It is a decisive part of the Armed Forces of the Czech Republic (ACR), which, according to the Czech Law No. 219/1999 Coll., referred to as the Defence Law, is comprised also of the Military Office of President of the Republic and the Castle Guard.
The primary mission of ACR is to ensure the military defence of the country against aggression and to meet commitments derived from international obligations and treaties of the Czech Republic on collective defence. It is also set to fulfil tasks within peacekeeping operations in regions of instability or conflicts, and to implement rescue and humanitarian missions both on the national territory and abroad.
In its effort to become a NATO member country, the Czech Republic joined in 1994 the Partnership for Peace Programme. It enabled the Czech military to absorb NATO procedures in defence planning and implementation of force build-up, tailored to Alliance standards and overall goals. The Czech Republic successfully completed its accession talks and began a NATO member country, together with Hungary and Poland, on 12 March 1999, the day, which has been observed as the Day of Accession to NATO in the Czech Republic since.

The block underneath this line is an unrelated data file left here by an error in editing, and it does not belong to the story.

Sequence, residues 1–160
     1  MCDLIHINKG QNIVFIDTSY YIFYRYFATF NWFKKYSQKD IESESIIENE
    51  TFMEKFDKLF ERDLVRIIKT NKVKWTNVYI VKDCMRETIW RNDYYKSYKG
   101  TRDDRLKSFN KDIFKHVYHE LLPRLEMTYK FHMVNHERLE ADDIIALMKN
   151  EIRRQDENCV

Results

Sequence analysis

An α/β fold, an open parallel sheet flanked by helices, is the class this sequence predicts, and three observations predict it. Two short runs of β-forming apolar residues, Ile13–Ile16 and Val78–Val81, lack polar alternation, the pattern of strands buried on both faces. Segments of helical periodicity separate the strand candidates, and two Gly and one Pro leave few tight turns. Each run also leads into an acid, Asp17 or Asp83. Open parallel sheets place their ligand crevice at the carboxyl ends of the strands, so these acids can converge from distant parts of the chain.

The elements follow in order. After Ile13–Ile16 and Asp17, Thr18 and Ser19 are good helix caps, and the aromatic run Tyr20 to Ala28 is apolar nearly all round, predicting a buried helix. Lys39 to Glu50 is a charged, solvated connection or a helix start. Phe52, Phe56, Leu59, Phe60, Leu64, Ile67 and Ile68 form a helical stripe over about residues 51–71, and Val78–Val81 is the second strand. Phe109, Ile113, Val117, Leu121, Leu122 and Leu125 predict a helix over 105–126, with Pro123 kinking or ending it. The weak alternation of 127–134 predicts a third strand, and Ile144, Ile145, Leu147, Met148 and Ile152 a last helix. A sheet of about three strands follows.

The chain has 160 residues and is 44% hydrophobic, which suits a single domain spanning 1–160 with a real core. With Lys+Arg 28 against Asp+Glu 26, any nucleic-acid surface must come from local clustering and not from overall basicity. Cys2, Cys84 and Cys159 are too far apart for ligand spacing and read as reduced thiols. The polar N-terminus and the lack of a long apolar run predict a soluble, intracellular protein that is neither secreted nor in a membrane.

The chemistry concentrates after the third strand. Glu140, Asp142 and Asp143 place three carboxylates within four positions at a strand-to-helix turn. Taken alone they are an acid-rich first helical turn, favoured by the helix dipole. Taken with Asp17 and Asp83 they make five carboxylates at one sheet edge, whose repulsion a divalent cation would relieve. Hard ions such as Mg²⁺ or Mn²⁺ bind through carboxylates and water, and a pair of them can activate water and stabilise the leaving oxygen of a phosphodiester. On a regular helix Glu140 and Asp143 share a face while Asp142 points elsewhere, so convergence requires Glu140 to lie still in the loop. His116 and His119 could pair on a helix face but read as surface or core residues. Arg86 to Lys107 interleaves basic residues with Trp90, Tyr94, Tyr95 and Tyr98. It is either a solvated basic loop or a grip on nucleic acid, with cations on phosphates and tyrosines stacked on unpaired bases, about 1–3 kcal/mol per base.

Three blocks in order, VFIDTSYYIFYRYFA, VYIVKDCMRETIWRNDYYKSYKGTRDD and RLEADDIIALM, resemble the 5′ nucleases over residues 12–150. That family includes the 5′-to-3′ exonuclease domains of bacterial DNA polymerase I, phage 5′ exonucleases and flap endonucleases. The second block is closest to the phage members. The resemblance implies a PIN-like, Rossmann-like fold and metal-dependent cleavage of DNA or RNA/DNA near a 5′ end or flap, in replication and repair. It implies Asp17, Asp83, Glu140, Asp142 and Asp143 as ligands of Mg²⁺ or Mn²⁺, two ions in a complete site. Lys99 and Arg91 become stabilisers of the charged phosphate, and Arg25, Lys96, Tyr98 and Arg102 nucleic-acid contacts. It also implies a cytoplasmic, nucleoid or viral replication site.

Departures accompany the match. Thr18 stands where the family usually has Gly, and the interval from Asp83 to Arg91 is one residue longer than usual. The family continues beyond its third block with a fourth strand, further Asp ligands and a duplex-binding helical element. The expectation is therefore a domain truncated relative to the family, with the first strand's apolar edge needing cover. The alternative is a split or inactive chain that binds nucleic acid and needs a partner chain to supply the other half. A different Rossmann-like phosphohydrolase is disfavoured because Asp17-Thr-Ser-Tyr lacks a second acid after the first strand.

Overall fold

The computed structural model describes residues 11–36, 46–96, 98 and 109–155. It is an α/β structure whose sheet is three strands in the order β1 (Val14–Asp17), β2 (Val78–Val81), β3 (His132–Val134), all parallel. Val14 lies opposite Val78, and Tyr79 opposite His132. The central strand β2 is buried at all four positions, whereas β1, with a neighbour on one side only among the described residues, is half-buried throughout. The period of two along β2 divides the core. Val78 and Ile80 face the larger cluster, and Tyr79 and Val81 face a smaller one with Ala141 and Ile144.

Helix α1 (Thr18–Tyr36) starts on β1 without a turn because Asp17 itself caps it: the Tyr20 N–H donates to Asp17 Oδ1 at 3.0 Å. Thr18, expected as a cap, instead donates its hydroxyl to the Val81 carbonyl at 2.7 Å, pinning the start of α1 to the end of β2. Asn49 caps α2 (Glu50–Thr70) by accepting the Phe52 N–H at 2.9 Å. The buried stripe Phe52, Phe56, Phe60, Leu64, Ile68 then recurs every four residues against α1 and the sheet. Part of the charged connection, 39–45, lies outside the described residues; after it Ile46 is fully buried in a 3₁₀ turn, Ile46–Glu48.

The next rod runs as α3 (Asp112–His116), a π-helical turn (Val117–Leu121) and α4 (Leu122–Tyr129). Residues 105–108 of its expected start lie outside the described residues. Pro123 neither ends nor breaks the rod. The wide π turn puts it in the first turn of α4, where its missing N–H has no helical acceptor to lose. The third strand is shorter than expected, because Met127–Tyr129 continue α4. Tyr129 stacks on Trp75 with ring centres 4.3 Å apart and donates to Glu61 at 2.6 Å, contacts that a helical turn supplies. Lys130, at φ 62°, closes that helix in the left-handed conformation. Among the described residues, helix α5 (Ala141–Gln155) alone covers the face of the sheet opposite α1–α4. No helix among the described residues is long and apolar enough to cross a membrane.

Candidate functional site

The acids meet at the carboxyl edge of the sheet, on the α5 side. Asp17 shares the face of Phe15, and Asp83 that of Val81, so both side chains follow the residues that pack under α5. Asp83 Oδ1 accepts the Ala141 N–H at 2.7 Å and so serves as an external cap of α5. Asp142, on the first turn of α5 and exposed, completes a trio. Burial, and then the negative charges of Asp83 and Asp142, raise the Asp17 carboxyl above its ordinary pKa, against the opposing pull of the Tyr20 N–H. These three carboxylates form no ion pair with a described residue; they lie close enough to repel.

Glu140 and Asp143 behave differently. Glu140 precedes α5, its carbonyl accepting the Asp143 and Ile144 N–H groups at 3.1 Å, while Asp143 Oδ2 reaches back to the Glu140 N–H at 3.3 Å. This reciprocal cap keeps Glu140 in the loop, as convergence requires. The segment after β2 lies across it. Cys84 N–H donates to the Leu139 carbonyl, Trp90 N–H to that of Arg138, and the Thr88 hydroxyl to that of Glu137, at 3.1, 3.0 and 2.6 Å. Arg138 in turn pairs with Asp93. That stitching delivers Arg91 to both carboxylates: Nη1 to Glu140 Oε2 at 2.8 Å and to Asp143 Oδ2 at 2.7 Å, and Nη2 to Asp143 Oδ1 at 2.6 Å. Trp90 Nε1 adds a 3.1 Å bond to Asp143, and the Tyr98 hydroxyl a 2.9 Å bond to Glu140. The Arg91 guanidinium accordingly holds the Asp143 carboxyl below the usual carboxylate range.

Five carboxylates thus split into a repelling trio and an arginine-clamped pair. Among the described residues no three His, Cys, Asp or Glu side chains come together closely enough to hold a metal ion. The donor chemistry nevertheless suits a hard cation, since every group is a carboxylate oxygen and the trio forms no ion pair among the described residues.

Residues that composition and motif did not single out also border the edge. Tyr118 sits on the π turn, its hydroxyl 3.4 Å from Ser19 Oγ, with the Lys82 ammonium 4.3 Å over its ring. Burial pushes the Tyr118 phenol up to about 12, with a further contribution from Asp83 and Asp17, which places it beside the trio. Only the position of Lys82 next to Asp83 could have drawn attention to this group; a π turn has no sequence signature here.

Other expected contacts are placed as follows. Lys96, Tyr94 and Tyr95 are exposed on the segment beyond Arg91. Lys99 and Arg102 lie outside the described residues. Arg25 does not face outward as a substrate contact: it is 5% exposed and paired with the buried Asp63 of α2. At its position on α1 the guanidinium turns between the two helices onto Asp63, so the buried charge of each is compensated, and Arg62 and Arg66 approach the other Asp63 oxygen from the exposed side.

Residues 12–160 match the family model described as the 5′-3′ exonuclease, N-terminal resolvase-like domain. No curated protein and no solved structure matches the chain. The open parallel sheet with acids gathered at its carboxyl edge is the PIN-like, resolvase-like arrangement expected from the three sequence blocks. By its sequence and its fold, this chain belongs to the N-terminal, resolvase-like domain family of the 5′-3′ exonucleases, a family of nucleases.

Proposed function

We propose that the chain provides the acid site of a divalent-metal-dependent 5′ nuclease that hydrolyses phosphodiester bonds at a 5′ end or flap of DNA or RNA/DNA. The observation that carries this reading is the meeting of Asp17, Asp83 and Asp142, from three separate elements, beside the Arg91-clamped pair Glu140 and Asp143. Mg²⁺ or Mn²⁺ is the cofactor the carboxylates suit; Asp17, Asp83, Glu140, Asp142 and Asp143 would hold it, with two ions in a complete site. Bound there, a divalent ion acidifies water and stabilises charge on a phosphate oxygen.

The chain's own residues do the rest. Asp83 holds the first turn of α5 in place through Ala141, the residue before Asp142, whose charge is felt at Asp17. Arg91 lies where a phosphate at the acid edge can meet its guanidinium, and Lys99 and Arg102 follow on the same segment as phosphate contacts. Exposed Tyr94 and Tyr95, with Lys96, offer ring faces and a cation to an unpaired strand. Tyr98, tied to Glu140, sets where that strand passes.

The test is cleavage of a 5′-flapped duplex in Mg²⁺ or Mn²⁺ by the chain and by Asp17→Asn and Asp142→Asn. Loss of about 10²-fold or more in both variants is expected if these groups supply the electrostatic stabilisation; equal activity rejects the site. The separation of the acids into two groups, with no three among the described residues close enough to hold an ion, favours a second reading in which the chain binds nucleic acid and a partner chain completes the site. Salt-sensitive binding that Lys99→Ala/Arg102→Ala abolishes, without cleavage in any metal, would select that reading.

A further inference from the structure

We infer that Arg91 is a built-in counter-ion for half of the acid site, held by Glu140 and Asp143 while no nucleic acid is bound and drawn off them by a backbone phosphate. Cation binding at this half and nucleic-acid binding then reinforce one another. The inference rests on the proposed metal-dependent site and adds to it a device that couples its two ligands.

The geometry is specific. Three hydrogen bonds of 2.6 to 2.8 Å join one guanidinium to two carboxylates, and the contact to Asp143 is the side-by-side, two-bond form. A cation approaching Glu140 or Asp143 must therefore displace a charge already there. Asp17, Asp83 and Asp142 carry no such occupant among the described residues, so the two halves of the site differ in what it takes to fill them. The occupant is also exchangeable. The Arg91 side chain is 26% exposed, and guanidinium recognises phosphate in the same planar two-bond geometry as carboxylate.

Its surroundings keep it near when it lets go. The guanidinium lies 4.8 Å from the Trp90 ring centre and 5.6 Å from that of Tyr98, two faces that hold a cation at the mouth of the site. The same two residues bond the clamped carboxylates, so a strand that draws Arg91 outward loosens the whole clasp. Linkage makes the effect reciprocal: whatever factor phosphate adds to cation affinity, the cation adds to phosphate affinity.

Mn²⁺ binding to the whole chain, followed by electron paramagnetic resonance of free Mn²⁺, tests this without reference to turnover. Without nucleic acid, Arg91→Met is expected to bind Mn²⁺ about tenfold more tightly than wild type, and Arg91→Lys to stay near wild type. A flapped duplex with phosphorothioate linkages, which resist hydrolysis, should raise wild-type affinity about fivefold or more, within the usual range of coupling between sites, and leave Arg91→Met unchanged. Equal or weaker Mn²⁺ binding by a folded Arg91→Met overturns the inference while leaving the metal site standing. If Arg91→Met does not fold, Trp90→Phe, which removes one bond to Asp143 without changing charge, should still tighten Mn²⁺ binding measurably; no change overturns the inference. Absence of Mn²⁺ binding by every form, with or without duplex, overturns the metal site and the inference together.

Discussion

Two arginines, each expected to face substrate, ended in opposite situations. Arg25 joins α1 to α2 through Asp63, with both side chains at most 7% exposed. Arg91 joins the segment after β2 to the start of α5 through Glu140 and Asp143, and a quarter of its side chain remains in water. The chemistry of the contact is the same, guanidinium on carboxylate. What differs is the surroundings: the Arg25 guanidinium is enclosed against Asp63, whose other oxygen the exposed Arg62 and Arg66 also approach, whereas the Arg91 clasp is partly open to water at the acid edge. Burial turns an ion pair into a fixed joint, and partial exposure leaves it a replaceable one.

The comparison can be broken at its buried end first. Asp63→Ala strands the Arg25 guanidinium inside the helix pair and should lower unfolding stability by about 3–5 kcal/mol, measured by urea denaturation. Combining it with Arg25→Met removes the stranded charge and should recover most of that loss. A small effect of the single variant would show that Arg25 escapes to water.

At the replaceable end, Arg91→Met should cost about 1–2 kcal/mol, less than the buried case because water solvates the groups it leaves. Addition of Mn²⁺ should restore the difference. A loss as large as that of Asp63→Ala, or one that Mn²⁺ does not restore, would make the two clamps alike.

The Czech military is engaged in the integrated NATO military structure, contributing to defence, operations and civil crisis management planning. It takes part in the procedural and organisational aspects of nuclear consultations, participates in joint exercises, and actively commits its troops for NATO-led multinational operations.
The ACR is also engaged in the EU military structure, as the Czech Republic became a EU member country on 1 May 2004. The Czech military participates in joint exercises and operations.
According to NATO categories, the ACR structure is:
- NATO Assigned Forces
- NATO Earmarked Forces;
- National Forces for Defence of NATO Area;
- Other National Forces.
2005 - First year of fully professional Armed Forces of the Czech Republic
After 140 years of conscription service system being exercised in the historical Czech lands, the country abandoned this practice. From the beginning of 2005 it has been building a career soldier system. It is part of a fundamental reform of the Czech military that was launched in 2002 which also involved downsizing, organisational changes, modernisation of equipment and reshaping the locations of garrisons and sites within the republic. In 2006, the military achieved initial operational capabilities and stabilisation of forces. The full operational capabilities are set to be reached during 2014.
March 5, 2015